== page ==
Schriber is the author of ten novels and several radio and theater plays. She also has edited several anthologies of Swiss writing.

Her two-day visit to Green Bay is co-sponsored by the University's German Department and the Swiss Consulate General in Chicago. On Friday, Schriber will meet with UW-Green Bay students of German, writing and Humanistic Studies.

(98-149 / 8 Oct. 1998 / VCD)

Covered vessels and sculptures share Lawton Gallery

GREEN BAY -- Small clay works and large sculptures share the billing in a dual exhibit opening with a reception from 4:30 to 6:30 p.m. on Thursday, Oct. 15, in the Lawton Gallery at the University of Wisconsin-Green Bay.

"Put a Lid on It: Covered Vessels" and "The Maquette of Visual Metaphor: Dean Langworthy, Sculptures 1982-1998," continue in the gallery through Nov. 7.

"Put a Lid on It" is a selection of about 25 vessels from a larger exhibit of the title curated by Stephen Robison, faculty member at Belmont University, Nashville, Tenn. Robison says he tried to include a variety of firing techniques and aesthetics in the work he selected. What the pieces have in common is lids. Most of the vessels are under 12 inches in height.

Robison, a Door County native who earned his Bachelor of Fine Arts degree at UW-Whitewater, will spend two days as a visiting artist at UW-Green Bay in conjunction with the exhibit.

Chicago sculptor Dean Langworthy works in large scale with materials such as wood, lead, stone, concrete, and found objects. Typically, the viewer can activate the sculptures, often in a way that is unexpected or surprising. Langworthy describes them as metaphors for life.

Langworthy's drawings and maquettes and one or two sculptures will be shown inside the Lawton Gallery. Other large pieces will be displayed in the Theatre Hall lobby and out-of-doors nearby. One of Langworthy's sculptures - a gift to the University - is on permanent display in the Cofrin Library plaza.

Lawton Gallery hours are 10 a.m. to 3 p.m. Tuesday through Saturday. The gallery is located in Theatre Hall, directly east of the Weidner Center.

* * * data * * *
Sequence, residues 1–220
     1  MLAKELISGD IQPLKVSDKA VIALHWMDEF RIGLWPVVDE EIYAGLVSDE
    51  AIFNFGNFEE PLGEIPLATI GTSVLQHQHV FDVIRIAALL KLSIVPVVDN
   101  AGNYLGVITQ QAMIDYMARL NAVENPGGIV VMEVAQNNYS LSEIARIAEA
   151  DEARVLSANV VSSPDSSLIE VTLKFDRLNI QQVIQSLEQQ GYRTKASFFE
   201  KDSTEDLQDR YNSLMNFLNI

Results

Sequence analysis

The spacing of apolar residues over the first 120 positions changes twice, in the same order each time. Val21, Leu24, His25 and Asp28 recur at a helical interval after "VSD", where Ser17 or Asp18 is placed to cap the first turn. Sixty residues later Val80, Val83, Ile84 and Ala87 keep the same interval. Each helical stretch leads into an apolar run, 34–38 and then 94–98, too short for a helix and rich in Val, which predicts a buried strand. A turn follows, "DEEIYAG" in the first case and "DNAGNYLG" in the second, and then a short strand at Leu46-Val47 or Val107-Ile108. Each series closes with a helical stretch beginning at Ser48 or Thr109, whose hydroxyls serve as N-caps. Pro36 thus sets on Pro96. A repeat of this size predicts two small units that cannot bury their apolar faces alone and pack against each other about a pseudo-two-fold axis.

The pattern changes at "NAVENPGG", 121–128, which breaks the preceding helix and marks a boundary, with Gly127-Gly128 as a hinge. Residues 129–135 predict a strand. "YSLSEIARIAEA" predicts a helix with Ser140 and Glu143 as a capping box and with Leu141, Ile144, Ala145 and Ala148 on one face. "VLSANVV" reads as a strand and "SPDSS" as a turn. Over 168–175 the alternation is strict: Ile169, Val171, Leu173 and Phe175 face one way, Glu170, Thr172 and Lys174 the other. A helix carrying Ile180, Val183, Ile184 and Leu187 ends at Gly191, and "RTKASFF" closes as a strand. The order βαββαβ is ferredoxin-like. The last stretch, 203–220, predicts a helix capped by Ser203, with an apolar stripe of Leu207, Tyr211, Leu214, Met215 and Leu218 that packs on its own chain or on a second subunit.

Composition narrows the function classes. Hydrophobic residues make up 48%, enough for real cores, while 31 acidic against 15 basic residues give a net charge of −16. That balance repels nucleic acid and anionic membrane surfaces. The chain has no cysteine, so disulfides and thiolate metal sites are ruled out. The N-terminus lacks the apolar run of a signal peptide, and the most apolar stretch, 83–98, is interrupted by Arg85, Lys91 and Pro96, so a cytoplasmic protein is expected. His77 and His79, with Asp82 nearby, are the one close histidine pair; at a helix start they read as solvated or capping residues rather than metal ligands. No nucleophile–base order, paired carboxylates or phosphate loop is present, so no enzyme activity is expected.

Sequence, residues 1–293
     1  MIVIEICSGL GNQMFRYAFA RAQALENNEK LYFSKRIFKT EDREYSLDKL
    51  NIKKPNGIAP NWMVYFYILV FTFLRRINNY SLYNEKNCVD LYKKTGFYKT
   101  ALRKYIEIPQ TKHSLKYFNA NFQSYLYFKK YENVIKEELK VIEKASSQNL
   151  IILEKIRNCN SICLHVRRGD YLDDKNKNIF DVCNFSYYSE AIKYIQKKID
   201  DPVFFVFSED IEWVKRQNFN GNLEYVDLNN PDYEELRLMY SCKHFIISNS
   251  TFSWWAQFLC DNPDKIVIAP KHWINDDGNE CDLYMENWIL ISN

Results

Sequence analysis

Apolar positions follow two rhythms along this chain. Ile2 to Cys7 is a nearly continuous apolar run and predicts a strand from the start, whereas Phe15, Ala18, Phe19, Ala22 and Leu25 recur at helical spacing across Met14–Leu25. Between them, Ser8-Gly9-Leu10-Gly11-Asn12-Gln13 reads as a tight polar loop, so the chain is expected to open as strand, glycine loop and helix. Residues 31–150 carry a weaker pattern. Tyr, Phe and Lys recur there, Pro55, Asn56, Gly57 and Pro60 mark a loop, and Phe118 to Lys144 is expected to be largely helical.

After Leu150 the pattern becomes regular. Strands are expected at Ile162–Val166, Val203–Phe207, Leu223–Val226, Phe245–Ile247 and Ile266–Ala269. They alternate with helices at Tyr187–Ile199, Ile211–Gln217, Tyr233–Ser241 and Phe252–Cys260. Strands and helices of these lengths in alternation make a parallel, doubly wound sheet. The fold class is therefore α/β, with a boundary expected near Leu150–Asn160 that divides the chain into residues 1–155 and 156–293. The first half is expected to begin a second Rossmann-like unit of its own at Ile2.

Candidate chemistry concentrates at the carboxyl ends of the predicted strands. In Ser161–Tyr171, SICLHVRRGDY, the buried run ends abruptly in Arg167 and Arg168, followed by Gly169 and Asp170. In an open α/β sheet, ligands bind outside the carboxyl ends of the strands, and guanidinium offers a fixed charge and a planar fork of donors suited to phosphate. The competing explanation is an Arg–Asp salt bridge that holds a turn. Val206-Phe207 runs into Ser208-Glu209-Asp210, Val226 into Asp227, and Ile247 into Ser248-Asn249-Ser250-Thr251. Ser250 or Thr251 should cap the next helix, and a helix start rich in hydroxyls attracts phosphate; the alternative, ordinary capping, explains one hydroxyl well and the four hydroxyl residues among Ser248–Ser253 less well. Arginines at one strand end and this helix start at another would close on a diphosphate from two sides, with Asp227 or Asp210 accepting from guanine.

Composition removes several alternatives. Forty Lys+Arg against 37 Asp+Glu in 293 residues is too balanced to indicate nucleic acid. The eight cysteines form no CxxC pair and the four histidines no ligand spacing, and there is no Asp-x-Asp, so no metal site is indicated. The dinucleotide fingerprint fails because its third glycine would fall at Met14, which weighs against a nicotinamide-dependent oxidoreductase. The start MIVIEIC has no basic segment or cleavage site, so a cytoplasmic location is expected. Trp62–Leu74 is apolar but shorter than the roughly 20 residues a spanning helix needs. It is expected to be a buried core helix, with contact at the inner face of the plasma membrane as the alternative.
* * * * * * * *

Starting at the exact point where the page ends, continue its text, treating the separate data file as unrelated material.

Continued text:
(98-148 / 6 Oct. 1998 / VCD)

Tompkins selected to head Institute for Learning

GREEN BAY -- Francine Tompkins has been named the first director of the Institute for Learning Partnership based at the University of Wisconsin-Green Bay.

Tompkins is an associate professor of education and chairperson of the Education program at UW-Green Bay.

Tompkins is a specialist in educational psychology and special education. She served as chairperson of the UW-Green Bay University Committee and has been active in United Way of Brown County. Tompkins received three degrees through the doctorate in special education at Michigan State University. Before joining the UW-Green Bay faculty in 1990, she was director of the Academic Masters program and Student Support at St. Norbert College.

"Prof. Tompkins has the right skills and abilities to foster successful connections among the many groups in our region concerned about education and learning," says Nancy Kaufman, dean of professional studies and outreach at UW-Green Bay. "Students, practicing teachers, school administrators and others who have worked with Professor Tompkins have told us about her commitment to quality teacher education and the energy and enthusiasm she brings to her work." Kaufman notes that Tompkins' background in active research is a good match with the Institute's mission to improve student learning.